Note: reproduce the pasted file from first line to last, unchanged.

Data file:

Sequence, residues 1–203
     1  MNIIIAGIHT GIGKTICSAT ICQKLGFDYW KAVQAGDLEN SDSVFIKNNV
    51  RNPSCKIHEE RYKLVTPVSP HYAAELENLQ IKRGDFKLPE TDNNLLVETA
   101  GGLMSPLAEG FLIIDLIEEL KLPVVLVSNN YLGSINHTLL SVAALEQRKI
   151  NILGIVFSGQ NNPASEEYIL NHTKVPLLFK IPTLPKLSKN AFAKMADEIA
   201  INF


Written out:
Sequence, residues 1–203
     1  MNIIIAGIHT GIGKTICSAT ICQKLGFDYW KAVQAGDLEN SDSVFIKNNV
    51  RNPSCKIHEE RYKLVTPVSP HYAAELENLQ IKRGDFKLPE TDNNLLVETA
   101  GGLMSPLAEG FLIIDLIEEL KLPVVLVSNN YLGSINHTLL SVAALEQRKI
   151  NILGIVFSGQ NNPASEEYIL NHTKVPLLFK IPTLPKLSKN AFAKMADEIA
   201  INF